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Have you ever tried to get a job where you were told that you had all the right skills but lacked experience? It’s a Catch-22: You can’t get the job without experience, and you can’t get experience without getting the job.But how important is experience, and should it be such a critical asset for hiring managers?
Not long ago I was talking about this issue with Michael Dowling, the President and CEO of North Shore-LIJ Health System, one of the largest and most successful health systems in the U.S. NS-LIJ includes fifteen hospitals and a number of other health care businesses on Long Island and New York City. With 42,000 employees, it is the largest employer on Long Island and one of the largest in New York City. And despite being confronted with all of the same challenges as every other health care organisation in the country, NS-LIJ is financially sound and achieves consistently high marks for quality of care.
Surprisingly, one of the reasons that Dowling cites for NS-LIJ’s success is the fact that traditional “experience” is not a pre-condition for hiring new managers. In fact, in many cases it’s a liability.
Dowling explains: “We’re in an industry that needs to change and re-examine almost every facet of how we do business. So people who have been trained and reinforced in the traditional ways of running hospitals and health system departments often don’t look at doing things in new and creative ways. They don’t challenge everything and ask tough questions.Instead they’re locked into the old paradigms. So the last thing we need is someone with that kind of ‘experience.'”
Of course, this doesn’t mean that anybody can walk in the door and get a job. Depending on the position, there are certainly technical knowledge requirements. But for managerial jobs, Dowling cares less about past experience and more about personal characteristics like passion for improving patient care, the ability to think outside the box, openness to learning, being a self-starter, and the capability to work as part of a team.
Having worked directly with patients in some capacity doesn’t hurt either. For example, Kathy Gallo, North Shore’s Chief Learning Officer — who is also responsible for HR — has a background in nursing, but didn’t have any experience with HR or training when she took the job. Similarly the Chief Administrative Officer doesn’t have an MBA — he began his career as an EMT. In fact, as Dowling pointed out, not a single one of NS-LIJ’s top leaders has a traditional health care administration background — and that includes Dowling himself, who was a social worker and then served as a health care policy adviser to former NY governor Mario Cuomo.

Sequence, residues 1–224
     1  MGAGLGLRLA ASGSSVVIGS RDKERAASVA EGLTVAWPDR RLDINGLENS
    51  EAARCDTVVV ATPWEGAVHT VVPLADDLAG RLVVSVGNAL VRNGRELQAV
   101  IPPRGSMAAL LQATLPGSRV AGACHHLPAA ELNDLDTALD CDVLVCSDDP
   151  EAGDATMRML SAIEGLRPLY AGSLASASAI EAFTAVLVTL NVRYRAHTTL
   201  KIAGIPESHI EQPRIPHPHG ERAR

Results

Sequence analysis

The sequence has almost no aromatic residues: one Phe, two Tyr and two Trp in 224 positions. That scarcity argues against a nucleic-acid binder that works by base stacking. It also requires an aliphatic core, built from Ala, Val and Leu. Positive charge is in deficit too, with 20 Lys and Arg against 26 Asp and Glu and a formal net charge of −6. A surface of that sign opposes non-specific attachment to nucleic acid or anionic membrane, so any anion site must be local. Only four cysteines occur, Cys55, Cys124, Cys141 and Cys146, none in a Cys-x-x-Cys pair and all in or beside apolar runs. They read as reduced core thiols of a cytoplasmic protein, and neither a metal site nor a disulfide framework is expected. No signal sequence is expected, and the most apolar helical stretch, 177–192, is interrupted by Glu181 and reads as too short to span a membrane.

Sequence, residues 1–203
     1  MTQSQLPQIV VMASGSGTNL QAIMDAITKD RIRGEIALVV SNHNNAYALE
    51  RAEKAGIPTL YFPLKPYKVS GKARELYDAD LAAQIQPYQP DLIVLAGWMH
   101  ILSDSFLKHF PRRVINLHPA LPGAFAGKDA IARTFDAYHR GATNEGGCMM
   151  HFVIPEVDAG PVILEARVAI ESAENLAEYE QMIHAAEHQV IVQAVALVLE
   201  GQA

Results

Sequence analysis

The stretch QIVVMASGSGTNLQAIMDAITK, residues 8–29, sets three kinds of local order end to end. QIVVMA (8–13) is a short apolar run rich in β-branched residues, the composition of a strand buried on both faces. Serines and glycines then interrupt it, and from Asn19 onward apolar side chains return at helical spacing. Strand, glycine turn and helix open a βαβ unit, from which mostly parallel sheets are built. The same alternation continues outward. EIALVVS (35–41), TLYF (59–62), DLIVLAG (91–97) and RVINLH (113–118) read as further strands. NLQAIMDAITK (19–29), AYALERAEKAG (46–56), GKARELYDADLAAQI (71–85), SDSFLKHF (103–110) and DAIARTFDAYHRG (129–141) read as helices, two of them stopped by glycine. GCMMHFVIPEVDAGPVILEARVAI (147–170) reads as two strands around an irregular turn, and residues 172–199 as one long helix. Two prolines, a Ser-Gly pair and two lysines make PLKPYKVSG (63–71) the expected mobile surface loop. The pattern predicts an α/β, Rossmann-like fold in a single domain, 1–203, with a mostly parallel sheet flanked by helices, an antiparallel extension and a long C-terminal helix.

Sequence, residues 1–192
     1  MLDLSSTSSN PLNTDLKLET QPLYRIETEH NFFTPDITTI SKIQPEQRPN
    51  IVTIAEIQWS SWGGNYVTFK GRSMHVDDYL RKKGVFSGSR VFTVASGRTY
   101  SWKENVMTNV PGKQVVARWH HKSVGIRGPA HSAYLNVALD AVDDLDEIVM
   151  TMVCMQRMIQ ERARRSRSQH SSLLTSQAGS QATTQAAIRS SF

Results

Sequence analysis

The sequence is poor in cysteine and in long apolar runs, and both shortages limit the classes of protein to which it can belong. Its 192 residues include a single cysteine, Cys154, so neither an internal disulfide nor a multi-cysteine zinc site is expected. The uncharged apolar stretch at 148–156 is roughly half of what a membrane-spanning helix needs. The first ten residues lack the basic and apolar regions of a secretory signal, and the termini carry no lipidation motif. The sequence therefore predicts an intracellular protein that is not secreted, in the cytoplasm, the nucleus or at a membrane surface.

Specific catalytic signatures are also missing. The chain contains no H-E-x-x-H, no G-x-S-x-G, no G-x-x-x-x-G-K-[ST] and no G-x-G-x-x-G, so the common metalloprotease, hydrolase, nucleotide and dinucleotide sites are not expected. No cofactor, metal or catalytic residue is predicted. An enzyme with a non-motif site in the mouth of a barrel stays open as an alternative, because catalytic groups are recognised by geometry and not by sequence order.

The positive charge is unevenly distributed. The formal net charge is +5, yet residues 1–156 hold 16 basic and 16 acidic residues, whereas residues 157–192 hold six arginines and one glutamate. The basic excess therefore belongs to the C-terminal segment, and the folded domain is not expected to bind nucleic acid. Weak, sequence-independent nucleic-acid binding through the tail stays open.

Naturally, it’s impossible to draw a general conclusion about the usefulness of experience from one organisation in one industry. But if you are looking to dramatically transform your organisation — or if you are in an industry that is undergoing radical change — then you might want to consider the idea of bringing in managers who don’t fit the traditional mould, who can challenge the way things have been done, and who lack traditional “experience.” Without injecting people like this into your organisation, you may run the risk of recycling the same solutions and going down paths that used to work but may no longer be viable.
In the same vein, if you are a manager that is passionate about change, wants to make a difference, and is willing to take a risk, think about intentionally making a lateral move to an area where you have little or no experience, either within your own company or elsewhere. But instead of being anxious about, or apologizing for your lack of experience, make the case that “no experience” is an asset that the business can’t do without. You’ll see the organisation through fresh eyes and be able to make contributions that would never come from a traditional candidate. And personally you’ll be compelled to learn and grow in ways that wouldn’t have happened in a comfortable and familiar setting. It could be a win-win — for you and for the organisation.